She-Hulk: Law and Disorder

She-Hulk: Law and Disorder
She-Hulk Law and Disorder review
  • North American Publisher / ISBN: Marvel - 978-0-7851-9019-8
  • Volume No.: 1
  • Release date: 2014
  • UPC: 9780785190196
  • Contains adult content?: no
  • Does this pass the Bechdel test?: yes
  • Positive minority portrayal?: yes

She-Hulk, a.k.a. Jennifer Walters, originated within the awkward late 1970s trend of creating female spin-offs from male superheroes for copyright protection reasons. Like many of her contemporaries her career has been a cycle of revivals, cancellations and guest appearances in super hero teams.

Charles Soule’s version focuses on her life as a superpowered lawyer rather than as a superhero in the traditional sense.  The book opens with Jennifer quitting her job at a large law firm, and after happening upon a client at a bar, deciding to start her own practice. The stories feature some superheroic action, but their core is in humour and emotional characterisation. Jennifer’s clients are people who are not superheroes or supervillains, but who have to deal with the fallout of living in a world of Tony Stark’s dominating grip on the technology market or Victor Von Doom’s dictatorial hold on his country. One of its biggest strengths is giving the reader a peek at the gaps in the Marvel universe filled with non-supers living their lives. The series also introduces a great supporting cast including Angie Huang, Jennifer’s mysterious yet blunt paralegal.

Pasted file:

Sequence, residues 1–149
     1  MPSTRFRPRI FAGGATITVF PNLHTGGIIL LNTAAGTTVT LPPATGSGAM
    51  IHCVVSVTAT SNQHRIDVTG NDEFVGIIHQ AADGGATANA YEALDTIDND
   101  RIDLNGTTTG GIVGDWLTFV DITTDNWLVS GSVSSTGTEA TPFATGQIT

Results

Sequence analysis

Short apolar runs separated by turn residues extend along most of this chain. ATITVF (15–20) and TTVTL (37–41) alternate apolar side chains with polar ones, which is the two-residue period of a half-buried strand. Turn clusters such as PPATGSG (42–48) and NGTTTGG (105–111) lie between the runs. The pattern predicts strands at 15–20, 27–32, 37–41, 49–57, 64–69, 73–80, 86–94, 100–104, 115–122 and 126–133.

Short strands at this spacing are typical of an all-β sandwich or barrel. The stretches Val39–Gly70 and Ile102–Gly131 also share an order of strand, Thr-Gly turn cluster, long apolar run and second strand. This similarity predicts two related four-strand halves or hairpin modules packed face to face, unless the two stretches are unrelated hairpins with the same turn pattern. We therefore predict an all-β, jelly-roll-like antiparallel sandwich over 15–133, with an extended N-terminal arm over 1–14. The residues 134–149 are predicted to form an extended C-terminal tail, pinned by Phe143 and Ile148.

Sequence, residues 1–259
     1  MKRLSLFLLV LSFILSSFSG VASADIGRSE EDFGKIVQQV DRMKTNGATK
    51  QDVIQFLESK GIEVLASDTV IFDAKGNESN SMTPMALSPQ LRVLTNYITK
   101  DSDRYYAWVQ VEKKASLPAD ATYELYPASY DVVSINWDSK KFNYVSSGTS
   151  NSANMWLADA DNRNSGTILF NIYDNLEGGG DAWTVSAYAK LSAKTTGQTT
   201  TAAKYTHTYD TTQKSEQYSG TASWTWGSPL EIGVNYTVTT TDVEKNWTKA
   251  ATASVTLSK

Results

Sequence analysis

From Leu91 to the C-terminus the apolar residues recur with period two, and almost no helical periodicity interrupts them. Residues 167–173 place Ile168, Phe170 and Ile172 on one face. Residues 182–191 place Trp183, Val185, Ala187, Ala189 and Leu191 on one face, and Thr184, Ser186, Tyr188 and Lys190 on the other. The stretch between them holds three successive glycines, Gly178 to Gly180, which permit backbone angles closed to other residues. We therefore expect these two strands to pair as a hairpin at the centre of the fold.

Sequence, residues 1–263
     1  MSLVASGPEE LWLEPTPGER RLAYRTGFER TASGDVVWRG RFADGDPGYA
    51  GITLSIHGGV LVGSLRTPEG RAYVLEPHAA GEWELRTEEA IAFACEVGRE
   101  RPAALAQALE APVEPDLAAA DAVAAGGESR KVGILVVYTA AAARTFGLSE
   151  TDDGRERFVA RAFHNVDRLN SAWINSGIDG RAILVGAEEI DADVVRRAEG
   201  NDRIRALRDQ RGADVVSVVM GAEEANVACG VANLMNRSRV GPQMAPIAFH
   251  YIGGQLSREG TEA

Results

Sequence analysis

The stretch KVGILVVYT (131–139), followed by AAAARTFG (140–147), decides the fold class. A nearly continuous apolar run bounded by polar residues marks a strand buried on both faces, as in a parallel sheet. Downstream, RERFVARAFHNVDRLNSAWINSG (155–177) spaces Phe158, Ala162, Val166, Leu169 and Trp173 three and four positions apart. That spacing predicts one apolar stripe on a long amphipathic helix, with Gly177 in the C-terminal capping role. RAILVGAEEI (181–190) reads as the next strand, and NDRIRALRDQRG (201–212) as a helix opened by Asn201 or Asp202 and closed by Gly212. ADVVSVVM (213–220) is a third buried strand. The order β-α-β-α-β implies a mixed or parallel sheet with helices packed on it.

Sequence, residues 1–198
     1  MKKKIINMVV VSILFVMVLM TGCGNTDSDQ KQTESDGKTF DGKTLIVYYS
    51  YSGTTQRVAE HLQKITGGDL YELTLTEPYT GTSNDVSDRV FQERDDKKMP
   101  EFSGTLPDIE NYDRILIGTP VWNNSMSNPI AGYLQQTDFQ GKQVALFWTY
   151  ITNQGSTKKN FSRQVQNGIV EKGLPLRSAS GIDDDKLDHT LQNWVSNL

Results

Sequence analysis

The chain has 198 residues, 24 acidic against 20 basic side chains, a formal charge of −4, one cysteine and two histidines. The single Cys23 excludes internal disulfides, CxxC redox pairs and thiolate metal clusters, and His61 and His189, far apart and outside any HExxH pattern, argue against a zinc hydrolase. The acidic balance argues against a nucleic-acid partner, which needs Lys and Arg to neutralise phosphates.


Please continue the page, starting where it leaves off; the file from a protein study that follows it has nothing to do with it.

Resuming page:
While the story elements are continuous, they split conveniently into one or two chapter arcs dealing with individual clients or dilemmas, though the last two chapters hone in on the Blue File story arc that forms the undercurrent of the series.

The art is generally great, with the first half featuring bold yet simple stylings from Javier Pulido, and the last two chapters featuring jagged and acidic work from Ron Wimberly. Both halves are coloured in bright, vivid tones, and emphasise the book’s humour through expression and body language. Something to watch out for in Pulido’s chapters are panel layouts occasionally stretching horizontally across two pages rather than the the familiar across-and-down single page layout. Additionally, Wimberly occasionally has the problem of inflated anatomy exaggerating to the point where it obscures the action of a panel, mostly in a rooftop scene between Hellcat and Tigra, but he’s otherwise stellar.

Overall, this is definitely worth a read – it’s funny, it’s wonderfully drawn and if you’re interested in stories in a superheroic world that don’t centre on actual superheroics it will definitely meet your needs. It’s accessible for people who are unfamiliar with the character, though it does expect some knowledge of the Marvel universe, and as the whole run is collected in two trades – this and Disorderly Conduct – it’s a good opportunity for beginners and veterans alike to pick up a self-contained run of an interesting take on the genre without a massive investment of time or money.